James Fallows said they saw a handful of cities, like Greenville, South Carolina, where the community was able to adapt to economic challenges and rebuild their local economy.

“Greenville 40 years ago was almost all textile economy. Now it’s almost no textile economy, but they have a lot of advanced manufactures there,” Fallows said. “That was a way they were sort of able to leapfrog.”

He said another example of a city that found a way to reinvent itself after a major economic collapse is Allentown, Pennsylvania, which used to rely heavily on its steel economy.

“More often what happens is that when a great big employer goes away, like has been the case in West Virginia with coal, there usually is not one big thing that takes that place,” Fallows said.

Workers at JQ Dickinson Saltworks, a business outside Charleston, West Virginia. Photo: James and Deb Fallows

“What we saw when we were in West Virginia in the summertime is that the hope for Appalachia, and for rural America, from what we’ve seen, is a diversity of smaller things, some of which will succeed. You don’t know which bet is gonna make it, so you make a lot of bets,” he added.

Thanks to Jan Pytalski, Author at 100 Days in Appalachia, for his help with this interview.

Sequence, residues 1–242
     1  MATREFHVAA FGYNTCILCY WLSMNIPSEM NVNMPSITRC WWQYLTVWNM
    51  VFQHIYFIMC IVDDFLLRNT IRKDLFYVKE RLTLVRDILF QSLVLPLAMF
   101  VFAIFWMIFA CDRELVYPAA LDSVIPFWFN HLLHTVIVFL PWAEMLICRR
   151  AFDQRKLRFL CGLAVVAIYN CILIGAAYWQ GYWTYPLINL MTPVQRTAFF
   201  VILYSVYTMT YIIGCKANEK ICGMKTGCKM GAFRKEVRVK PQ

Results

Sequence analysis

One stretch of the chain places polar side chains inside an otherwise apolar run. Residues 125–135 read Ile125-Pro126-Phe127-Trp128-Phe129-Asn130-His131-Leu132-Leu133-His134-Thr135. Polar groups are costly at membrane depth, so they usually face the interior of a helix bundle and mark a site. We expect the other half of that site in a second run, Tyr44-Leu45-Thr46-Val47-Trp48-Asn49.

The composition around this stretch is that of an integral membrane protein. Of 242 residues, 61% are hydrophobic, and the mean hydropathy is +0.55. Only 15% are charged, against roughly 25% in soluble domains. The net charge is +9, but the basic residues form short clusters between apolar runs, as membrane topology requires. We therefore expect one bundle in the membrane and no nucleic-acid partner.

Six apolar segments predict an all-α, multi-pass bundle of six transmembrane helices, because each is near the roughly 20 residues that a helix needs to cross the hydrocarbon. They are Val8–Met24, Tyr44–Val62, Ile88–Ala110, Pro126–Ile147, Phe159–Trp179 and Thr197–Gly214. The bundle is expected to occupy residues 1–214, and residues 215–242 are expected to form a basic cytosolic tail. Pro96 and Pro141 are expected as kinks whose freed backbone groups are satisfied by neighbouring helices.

This article was originally published by West Virginia Public Broadcasting.

Continue Reading

Appalachia

Rural Drivers Can Save the Most From Clean Vehicles

Published

on

Photo: Shutterstock/Standret

This post was written in collaboration with Maria Cecilia Pinto de Moura

The transition to clean vehicle technologies such as electric vehicles will benefit consumers everywhere, promising lower operating and maintenance costs, along with less pollution and a cleaner environment.

But the drivers with the greatest economic potential to gain by purchasing an electric vehicle are the residents of small towns and rural counties. Drivers living outside of urban areas often have farther to travel to work, shop, and visit a doctor. They have to repair their vehicles more frequently, they produce more carbon emissions per capita, and they spend more money on gasoline. As a result, rural drivers have the greatest potential to save money by making the switch to an electric vehicle.

Overall, rural residents have the potential to save up to twice as much as urban residents by making the switch from a conventional sedan to an electric vehicle. In addition, rural residents who drive pickup trucks and SUVs have the potential to dramatically cut their fuel costs and emissions through programs to encourage efficiency and electrification.

Rural drivers’ potential to save money and cut emissions

Using data from the 2017 National Highway Traffic Survey, we created a model that approximates what vehicles are being driven, and for how many miles, in every county in the Northeast and Mid-Atlantic region. This data allows us to approximate the average cost and emission savings from an electric vehicle in each county. We also mapped out some of the differences in vehicle miles traveled that form the basis of these calculations (see below, our full methodology is here).

Annual average fuel savings, miles driven and emissions reduction for a typical driver in 12 states and the District of Columbia